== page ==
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Book Review - Vegan Nutrition Vegan Views 70 (Autumn 1995)

VEGAN NUTRITION - 2nd edition by Gill Langley MA PhD MIBiol ISBN 0 907337 18 X 8-95. Available from The Vegan Society, 7 Battle Rd, St.Leonards on Sea.

The second edition of Gill Langley's Vegan Nutrition is an updated version of the first edition of 1988. It includes much research published since that date and has an additional section on mothers and children.

Basically, the book is a review of investigations into the nutritional adequacy of vegan diets and of studies of the health of vegans. Hundreds of research papers have been consulted and are referenced at the end of each chapter. We are given the latest figures for the nationally recommended amounts of nutrients and also the vitamin and mineral contents of various foods (giving recently revised figures).

It is invaluable for all who wish to be informed about the nutritional aspects of veganism. However, this is more than just a scientific treatise. Each chapter starts with brief nutritional information for the non-experts, summarises recommended intakes, gives the key points and conclusions about vegan diets, e.g. are we getting enough protein, calcium, iron, vitamin B12? All those questions which non-vegans and would-be vegans keep asking, are fully and scientifically explained.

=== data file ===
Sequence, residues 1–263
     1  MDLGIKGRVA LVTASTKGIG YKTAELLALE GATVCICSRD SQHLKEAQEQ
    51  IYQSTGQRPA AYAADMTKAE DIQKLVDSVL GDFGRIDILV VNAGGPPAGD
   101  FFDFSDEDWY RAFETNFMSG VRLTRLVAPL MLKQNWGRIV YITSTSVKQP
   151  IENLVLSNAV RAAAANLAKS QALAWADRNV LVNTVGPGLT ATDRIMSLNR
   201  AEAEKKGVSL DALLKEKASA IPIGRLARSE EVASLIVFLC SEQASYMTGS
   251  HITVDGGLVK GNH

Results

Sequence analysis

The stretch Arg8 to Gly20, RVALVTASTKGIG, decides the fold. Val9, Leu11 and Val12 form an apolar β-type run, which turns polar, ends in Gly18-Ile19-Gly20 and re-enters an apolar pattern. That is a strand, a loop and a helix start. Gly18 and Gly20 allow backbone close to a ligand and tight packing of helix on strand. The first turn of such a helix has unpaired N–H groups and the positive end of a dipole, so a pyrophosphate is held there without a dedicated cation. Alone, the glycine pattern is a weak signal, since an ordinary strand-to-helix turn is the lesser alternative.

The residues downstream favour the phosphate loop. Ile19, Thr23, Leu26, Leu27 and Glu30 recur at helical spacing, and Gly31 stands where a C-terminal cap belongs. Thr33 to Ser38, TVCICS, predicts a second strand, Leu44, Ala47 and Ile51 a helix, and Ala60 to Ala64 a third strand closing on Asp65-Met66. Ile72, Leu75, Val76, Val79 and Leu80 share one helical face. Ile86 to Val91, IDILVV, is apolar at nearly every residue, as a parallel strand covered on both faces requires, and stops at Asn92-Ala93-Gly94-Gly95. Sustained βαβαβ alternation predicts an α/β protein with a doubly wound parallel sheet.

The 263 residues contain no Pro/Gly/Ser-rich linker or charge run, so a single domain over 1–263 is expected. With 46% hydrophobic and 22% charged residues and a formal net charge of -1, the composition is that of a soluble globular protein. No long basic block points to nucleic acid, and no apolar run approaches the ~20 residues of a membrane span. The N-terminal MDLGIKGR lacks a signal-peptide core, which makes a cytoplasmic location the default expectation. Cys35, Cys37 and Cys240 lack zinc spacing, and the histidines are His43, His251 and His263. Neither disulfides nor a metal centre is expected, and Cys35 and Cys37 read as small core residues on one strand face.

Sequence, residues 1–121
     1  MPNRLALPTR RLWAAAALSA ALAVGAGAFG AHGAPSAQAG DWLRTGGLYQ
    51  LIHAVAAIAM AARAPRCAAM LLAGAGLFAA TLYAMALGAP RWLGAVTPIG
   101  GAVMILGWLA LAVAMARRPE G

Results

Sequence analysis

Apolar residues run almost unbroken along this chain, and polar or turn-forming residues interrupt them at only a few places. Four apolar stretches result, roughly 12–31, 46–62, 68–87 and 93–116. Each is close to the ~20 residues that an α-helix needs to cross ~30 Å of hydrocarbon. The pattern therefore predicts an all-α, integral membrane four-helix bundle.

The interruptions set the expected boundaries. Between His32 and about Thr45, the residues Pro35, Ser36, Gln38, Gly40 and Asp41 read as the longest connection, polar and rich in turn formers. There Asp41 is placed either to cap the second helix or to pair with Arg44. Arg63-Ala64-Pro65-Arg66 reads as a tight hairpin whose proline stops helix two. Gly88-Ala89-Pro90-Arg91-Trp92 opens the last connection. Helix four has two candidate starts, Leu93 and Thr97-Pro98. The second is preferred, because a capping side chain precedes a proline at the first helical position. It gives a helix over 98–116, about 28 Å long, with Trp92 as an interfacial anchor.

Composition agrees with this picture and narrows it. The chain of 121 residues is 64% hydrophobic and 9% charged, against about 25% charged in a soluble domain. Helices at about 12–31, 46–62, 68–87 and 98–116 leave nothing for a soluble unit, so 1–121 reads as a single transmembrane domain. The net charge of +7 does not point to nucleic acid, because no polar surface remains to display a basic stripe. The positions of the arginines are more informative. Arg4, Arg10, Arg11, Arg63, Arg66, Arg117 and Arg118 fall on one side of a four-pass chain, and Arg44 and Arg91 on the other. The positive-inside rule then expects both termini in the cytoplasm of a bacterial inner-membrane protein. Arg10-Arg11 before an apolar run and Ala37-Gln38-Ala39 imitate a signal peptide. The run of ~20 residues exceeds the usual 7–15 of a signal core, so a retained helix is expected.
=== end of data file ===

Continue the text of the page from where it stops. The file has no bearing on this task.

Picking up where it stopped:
The new chapter on mothers and children concludes that vegan diets which include a wide range of plant foods provide all the nutritional requirements of pregnant and nursing mothers and their children. Inadequate nutrition has been found in children who were restricted to a narrow range of foods (usually for reasons not directly connected to veganism). Foods fortified with Vitamin B12 are recommended, some exposure to sunshine (not much is necessary and avoid hot suns); children need high energy foods for growth and activity.

There is research on diseases suffered from the taking of cow's milk and on uses of a vegan diet as therapy. In view of the greater number of people suffering from asthma, it is interesting to note that 92% of patients who followed for one year a vegan diet plus other restrictions (eg tea and chocolate) reported an improvement. There is increasing concern about the health of the population in Britain and most parts of the world. Researchers are now showing greater interest in the vegan diet, which is proving, not only to be adequate, but to being closer to the recommended norm than lacto-vegetarian or omnivorous diets.

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Cross-reference: Nutrition and Health